Why have addictions and the social problems of drug abuse become one of the greatest public health concerns confronting contemporary societies? One might suppose our addictions are simply a consequence of our well-documented biological proclivities to use drugs. Substances are addictive because they mimic the effects of neurotransmitters. Humans use drugs because they enhance the ability of our nervous system and its many higher-level systems to function more effectively—to resist pain, stay up longer, be sociable, enjoy ourselves, relax and sleep, among others. Yet pre-modern people in general did not succumb to addiction; instead, such substance use provided avenues for seeking spiritual experiences and therapeutic alterations of consciousness.1 2
Why has drug addiction become a major worldwide public health problem when such problems were virtually non-existent in the pre-modern world? While some modern addictions to drugs, such as pharmaceutical opiates and cocaine, reflect the consequences of technology, many substances were used in the past without producing social problems. Andean cultures used coca for thousand of years without negative social consequences. Most Native American cultures used tobacco, but without the addiction problems associated with cigarette smoking today. African cultures regularly produced fermented beverages and consumed them without the problems associated with the consumption of alcohol today. And psychedelic drugs were used in cultures around the world in rituals for strengthening social solidarity and healing.
What is different about the use of drugs in the modern world? One can point to many factors that promote drug use and addiction, such as stress, easily available substances, and norms supporting use; but that is only part of the picture. The other part involves the loss of social institutions and practices that helped to reduce the motivations for drug use by providing natural means of altering consciousness.
While natural processes for altering consciousness, such as meditation, have become increasingly popular in Western societies in the last 50 years, they are still relatively rare. How do we alter consciousness today? In the words of Paul Simon’s song, “taking downs to get off to sleep and ups to start you on your way” has become a way of life for many, with alcohol to tranquilize us after a day that starts with coffee and other stimulants. For many, the alteration of consciousness is a drug fueled stimulant frenzy that is mellowed out with alcohol, barbiturates, and other drugs.
While stress may provoke drug use behaviors, such responses also reflect a deeper human need to experience some alteration of consciousness. My cross-cultural studies have shown that ritualized alterations of consciousness were virtually universal in pre-modern societies, which usually had institutionalized means to alter consciousness, including through ritual practices that did not involve the use of drugs.
Our Innate Need to Alter Consciousness
It appears that humans have an innate need to alter consciousness, but that, in the post-modern world, we lack generally accepted rituals for altering consciousness. Could this cultural loss be responsible for the addiction epidemic, a consequence of a mismatch between deeply embedded needs of our human nature for altering consciousness and modern cultural biases which reject such practices?
I think the answer is yes, that humanity has lost vital institutions involving communally based ritual practices that used drumming, singing, dancing, and other behaviors to provoke alterations of consciousness. A primordial form of the alteration of consciousness was the shamanic ritual, a suite of communal practices designed to produce transcendent experiences.3 4 Shamanic ritual practices and cosmology had many social functions, constituting the most important collective social events of foraging societies. These practices gathered and unified the social group, provided processes for healing, regularized relationships with animals and nature, and provided a cosmology of human relations with the powers of the universe.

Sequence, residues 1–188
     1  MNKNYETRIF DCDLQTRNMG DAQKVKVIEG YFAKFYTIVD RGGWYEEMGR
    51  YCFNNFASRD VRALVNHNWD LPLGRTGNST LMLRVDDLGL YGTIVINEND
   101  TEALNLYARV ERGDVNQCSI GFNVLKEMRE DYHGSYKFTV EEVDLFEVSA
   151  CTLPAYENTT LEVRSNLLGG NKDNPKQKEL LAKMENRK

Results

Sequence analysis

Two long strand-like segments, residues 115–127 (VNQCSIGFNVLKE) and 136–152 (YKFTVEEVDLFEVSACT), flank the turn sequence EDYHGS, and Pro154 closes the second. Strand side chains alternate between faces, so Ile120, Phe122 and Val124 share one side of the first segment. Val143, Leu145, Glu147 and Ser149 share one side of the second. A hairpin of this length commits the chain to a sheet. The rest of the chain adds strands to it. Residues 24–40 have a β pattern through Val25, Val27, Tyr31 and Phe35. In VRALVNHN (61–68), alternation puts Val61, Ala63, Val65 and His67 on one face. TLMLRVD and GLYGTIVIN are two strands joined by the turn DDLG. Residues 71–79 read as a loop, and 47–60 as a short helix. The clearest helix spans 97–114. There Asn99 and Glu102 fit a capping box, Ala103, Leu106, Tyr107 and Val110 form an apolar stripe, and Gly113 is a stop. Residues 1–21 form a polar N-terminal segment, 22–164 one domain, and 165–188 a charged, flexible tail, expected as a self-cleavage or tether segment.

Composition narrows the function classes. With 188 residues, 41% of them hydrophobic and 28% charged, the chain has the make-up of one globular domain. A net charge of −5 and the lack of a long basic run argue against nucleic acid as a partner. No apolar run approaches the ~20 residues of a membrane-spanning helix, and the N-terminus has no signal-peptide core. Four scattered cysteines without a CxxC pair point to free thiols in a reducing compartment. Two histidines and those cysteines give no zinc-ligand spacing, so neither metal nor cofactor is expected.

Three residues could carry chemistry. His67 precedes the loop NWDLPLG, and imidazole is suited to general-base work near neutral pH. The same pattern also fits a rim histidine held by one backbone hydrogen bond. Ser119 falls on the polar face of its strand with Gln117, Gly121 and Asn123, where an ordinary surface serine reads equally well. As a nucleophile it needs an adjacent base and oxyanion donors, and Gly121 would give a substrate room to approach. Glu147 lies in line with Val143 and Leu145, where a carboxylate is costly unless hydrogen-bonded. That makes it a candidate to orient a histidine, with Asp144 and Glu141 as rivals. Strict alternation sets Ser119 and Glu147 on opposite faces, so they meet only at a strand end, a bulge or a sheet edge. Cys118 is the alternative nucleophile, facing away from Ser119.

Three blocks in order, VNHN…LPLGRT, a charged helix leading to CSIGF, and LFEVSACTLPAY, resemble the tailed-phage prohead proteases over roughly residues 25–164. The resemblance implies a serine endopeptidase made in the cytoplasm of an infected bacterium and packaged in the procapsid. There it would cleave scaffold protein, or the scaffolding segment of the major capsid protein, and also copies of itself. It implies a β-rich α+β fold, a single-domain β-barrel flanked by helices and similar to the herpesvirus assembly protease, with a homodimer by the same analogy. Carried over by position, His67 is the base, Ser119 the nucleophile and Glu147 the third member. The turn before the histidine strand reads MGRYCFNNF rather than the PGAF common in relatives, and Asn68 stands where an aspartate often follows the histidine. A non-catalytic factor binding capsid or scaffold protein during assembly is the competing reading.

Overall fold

The central alteration of consciousness of the shamanic ritual involved the shaman’s soul flight or out-of-body experience that enabled a projection of consciousness into other places and worlds. The community’s alterations of consciousness were also propelled by the drumming, singing, and dancing; the overnight nature of the ritual; and, in many cases, the consumption of psychoactive plants.
So, did shamanic practices provide a psychological dynamic that precluded addictive patterns of behavior? I think so. The general lack of addiction in these societies reflected the effects of their ritual practices, which also can provide help for modern people who are hopelessly addicted to drugs.
“Drumming Out Drugs”
The concept of drumming circles has been found in many cultures, and persists in modern societies in marginalized activities. I interviewed participants in drumming rehabilitation groups and participated in drumming activities to understand their effects. The participants told me how drumming can provide important support in the processes of rehabilitation5 —and perhaps in drug-resistance and harm reduction practices. Drug rehabilitation participants find a variety of benefits in community drumming, including the production of pleasurable experiences that provide a mechanism for self-expression and a sense of relaxation. Drumming was seen as a mechanism for erasing the effects of trauma and engaging processes of self-integration. There was also the benefit of creating a sense of connectedness with others, overcoming the self-isolation often characteristic of addicts.
Shamanic Treatment of Addiction
More traditional shamanic practices have also been found to have important roles in substance abuse rehabilitation, especially for cases in which the individual has repeated relapses and is considered “treatment resistant.” Many people who are addicted to drugs recognize the slippery path to recidivism, but are unable to control their behaviors. Shamanic practices provide a number of benefits for people who are lacking the personal resources to avoid the path to relapse by enhancing their contact with spirit powers who can provide psychological assistance. Shamanic practices of soul recovery, power animal recovery, and de-possession may also provide important adjunct therapies in addressing treatment-resistant addictions.